A Spoonful of Chiles - Spicy Kabocha & Quince Soup with Thai Flavors

I have always loved spicy food.  Ever since I was a young girl, I remember watching my grandfather eat pickled chile peppers from a jar with his congee.  Congee is a rice porridge and many Chinese eat this soupy rice along with other savory items for breakfast.  I remember trying the pickled chile for the first time.  It was salty and spicy but it complimented really well with the plain rice porridge.  Of course my mouth was on fire and I couldn't believe the spicy heat that enveloped in my mouth.  I was intrigued by these tiny peppers that contain so much heat.  That was the beginning of my interest in chiles.  Through time, I've grown to love chile peppers, and hot pepper sauce has become one of my favorite condiments.

So when I read about A Chile & A Spoon challenge by Marx Foods, I was intrigued.  The challenge is to use one or more of the six varieties of dried chiles Marx Foods provided and develop a recipe that you would eat with a spoon.  So as a lover of chiles, I thought it would be fun to try out the variety of chiles they have to offer.  The six varieties of chiles I received ranges from mild to extremely hot.  So of course I was drawn to the extremely hot variety which was the Thai chiles aka bird's eye chiles.  These are quite hot in the heat scale.  I wanted to make a soup with seasonal ingredients.  I love the sweetness of Kabocha squash (Japanese variety of winter squash); and with the Thai chile inspiration, I wanted to touch on the sweet, savory, spicy and sour flavors in most Thai cuisine.  So when I came across quince (a fruit tastes similar to apples and pears but more tart and can't be eaten raw) in my local farmers market, I wanted to incorporate all these flavors in the soup.  I am happy to see that Marx Foods also carries quince so you could buy it online.  I also wanted to use another type of chiles and thought the dried smoked serrano peppers could add another element of flavor.  Instead of adding cream I used coconut milk to enhance the Thai flavor.

Spicy Kabocha & Quince Soup with Thai Flavors (yield about 8 cups)
2 2 lb Kabocha Squash (peeled and diced)
3 quince (peeled and diced)
1 medium onion (sliced)
1 tbsp of fresh lemongrass (diced)
6 dried Thai chiles (rehydrate, seeded and diced)
2 smoked serrano peppers (rehydrate, seeded and diced)nm
3 cups of vegetable stock
1 cup of coconut milk
1 tsp of cumin seeds (toasted and ground)
1 tsp of coriander seeds (toasted and ground)
1 tsp of fennel seeds (toasted and ground)
Pumpkin seeds (toasted and salted) for garnish
Olive oil
Kosher salt to taste

To rehydrate the dried chiles, add hot water to the chile peppers.  Let it soak for at least 30 minutes to rehydrate the peppers.  Since these peppers have a higher heat index, be sure you wear gloves when working.  Once they are softened, sliced them open and remove the seeds, as leaving the seeds would make them even hotter, then chopped into small pieces. 

For the soup, heat a soup pot or dutch oven and saute the sliced onions with some olive oil.  Season with salt, then lower the heat and covered with lid, let the onions cooked slowly in low heat which allows it to caramelized and add flavor.  This takes about 30 minutes to an hour.  In the meantime, prep your other ingredients.  For the quince, be sure you work one at a time as the fruit can turn brown easily.  Make sure you have a bowl of acidulated water (water with acid...lemon, lime, vinegar) as soon as the fruit is peeled or cut, put in the water to soak to avoid browning.  Also toast the seeds and grind in spice grinder while the onions are cooked.  When prepping the kabocha squash be sure you have a sharp knife and be careful when peeling the skin as the skin is thick and hard to peel.  After the onions are caramelized, add the quince, kabocha squash, lemongrass, all the spices and chiles, saute for a few minutes.  Then add the vegetable stock.   Cook until the quince and squash are softened (about an hour).  Puree the liquid in batches until smooth.  Pass the soup through a sieve or chinois then add the coconut milk.  Heat through for another 10 minutes, add the pumpkin seeds and serve immediately.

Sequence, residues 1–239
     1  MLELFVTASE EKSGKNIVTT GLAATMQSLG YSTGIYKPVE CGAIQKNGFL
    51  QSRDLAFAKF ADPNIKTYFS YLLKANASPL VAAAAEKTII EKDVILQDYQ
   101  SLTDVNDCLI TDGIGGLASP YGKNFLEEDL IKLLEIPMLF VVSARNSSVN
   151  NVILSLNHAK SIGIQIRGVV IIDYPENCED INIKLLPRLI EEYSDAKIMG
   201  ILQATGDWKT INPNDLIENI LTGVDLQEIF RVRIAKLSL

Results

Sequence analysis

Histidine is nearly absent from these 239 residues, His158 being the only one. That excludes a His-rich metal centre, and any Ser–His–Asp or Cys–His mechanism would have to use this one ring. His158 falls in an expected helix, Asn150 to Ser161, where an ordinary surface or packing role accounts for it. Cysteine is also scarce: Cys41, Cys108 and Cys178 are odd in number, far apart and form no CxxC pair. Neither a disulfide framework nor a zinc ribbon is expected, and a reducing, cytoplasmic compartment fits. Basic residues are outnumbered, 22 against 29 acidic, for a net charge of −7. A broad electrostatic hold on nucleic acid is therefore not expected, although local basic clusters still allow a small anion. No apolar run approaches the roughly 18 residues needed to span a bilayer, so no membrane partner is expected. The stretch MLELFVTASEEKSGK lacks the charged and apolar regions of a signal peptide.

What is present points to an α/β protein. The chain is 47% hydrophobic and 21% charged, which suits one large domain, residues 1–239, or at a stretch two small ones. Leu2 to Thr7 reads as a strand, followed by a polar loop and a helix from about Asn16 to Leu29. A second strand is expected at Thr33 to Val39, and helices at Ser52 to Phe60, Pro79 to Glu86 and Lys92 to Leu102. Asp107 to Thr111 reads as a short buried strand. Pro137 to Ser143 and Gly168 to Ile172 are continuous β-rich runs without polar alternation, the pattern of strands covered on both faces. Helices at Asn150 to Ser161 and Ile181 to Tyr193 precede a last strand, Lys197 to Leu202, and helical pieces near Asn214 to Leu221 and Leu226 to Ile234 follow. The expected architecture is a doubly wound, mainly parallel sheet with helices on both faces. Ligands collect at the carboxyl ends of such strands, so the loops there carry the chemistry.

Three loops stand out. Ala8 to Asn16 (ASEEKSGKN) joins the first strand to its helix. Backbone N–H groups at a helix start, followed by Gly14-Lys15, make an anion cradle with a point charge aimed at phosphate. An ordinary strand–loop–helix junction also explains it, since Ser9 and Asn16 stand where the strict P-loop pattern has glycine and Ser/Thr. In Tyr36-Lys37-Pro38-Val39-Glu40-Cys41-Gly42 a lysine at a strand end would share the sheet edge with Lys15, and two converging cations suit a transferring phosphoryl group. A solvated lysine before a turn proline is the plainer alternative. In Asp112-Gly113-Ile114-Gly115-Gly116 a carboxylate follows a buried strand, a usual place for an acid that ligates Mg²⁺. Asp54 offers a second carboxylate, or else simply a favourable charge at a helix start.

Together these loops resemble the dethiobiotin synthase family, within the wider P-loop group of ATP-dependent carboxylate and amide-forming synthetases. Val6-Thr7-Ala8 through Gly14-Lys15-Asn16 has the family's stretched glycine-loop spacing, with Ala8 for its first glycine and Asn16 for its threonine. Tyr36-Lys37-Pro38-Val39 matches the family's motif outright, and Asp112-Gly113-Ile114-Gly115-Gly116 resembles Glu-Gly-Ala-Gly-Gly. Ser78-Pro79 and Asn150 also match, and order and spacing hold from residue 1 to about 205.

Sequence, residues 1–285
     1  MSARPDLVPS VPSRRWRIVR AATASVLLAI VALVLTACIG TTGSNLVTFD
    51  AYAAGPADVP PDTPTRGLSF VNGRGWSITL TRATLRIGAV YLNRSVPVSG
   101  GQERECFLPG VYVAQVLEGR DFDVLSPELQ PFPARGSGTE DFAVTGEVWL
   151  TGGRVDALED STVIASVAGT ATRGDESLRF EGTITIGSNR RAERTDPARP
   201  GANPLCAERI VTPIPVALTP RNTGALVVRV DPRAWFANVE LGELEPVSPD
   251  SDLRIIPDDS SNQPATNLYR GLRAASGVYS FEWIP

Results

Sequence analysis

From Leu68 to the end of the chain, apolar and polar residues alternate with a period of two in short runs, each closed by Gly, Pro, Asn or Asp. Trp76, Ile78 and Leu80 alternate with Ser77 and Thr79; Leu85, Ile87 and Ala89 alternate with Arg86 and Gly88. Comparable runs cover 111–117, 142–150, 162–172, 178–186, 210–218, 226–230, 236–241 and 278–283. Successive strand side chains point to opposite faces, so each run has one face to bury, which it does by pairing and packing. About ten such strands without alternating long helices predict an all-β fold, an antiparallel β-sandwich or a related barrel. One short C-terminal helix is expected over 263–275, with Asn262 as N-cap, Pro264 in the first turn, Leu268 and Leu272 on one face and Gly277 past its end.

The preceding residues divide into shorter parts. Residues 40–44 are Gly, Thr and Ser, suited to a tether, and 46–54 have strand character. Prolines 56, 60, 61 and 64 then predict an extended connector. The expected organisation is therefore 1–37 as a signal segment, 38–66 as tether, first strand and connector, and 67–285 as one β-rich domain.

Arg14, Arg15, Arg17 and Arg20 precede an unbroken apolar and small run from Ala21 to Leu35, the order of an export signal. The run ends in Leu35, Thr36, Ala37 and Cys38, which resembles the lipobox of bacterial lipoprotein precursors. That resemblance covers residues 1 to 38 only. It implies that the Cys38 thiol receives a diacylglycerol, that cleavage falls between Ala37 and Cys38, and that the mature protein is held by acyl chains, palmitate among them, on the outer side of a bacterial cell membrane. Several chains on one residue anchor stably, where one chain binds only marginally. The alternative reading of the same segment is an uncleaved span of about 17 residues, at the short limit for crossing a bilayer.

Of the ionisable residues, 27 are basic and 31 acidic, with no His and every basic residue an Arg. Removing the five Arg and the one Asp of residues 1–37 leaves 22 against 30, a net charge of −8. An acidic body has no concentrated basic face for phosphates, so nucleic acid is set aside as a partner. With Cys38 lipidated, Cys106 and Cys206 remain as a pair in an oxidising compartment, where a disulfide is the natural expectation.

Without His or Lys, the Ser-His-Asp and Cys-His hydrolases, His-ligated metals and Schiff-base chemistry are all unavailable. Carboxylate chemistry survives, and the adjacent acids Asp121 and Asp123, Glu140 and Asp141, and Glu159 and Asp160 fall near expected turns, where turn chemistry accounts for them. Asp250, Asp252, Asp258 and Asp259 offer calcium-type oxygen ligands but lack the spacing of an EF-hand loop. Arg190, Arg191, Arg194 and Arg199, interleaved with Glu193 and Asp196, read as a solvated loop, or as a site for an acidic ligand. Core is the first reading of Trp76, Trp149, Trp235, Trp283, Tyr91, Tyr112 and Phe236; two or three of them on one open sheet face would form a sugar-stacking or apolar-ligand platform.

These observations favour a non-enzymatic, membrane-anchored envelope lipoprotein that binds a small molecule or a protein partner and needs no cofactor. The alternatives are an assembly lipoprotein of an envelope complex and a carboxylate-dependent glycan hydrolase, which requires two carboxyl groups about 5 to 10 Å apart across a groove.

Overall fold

The Thai and serrano chiles really shine with its spiciness.  The sweetness of the kabocha along with the slight tartness of the quince compliments each other.  I love the many flavor profiles that were incorporated in this soup.  At first you taste the nuttiness of the squash, then slight tartness, and finally the heat of the chiles come through but without burning your mouth.   A perfect soup to warm you up from inside out.

To purchase any of the chiles I mentioned and the abundant varieties offered, don't forget to visit Marx Foods.  And if you like this recipe, I hope you vote for me.  Voting opens on Monday, see details on this contest page.


  1. Looks like a great soup and good use for those chilies :)

  2. Oh wow! This looks fabulous. Thanks for sharing.

  3. Look at that soup! I can only imagine how flavorful it is! Great recipe, my friend!

  4. I am a huge spicy food person too. Great post. Looks yummy!

  5. I'm so impressed you used the super hot ones! Those are some great flavor combinations you put together, especially with the coconut milk.

  6. I can't eat spicy food, but my hubby would lick the spoon and the bowl on this one! YUM! If only I could cook!

  7. This must have been so fragrant with the quince and chilies. Too bad there's not a "smell" gadget on this blog.

  8. What a perfect soup for cold weather! Thanks for sharing and great choice for the challenge!

  9. i always end up making a soup like this during the holidays when my mom comes to visit, but she's so sensitive to spices, she notices even a little bit of pepper. i should just make it for myself sometime, a version like yours.


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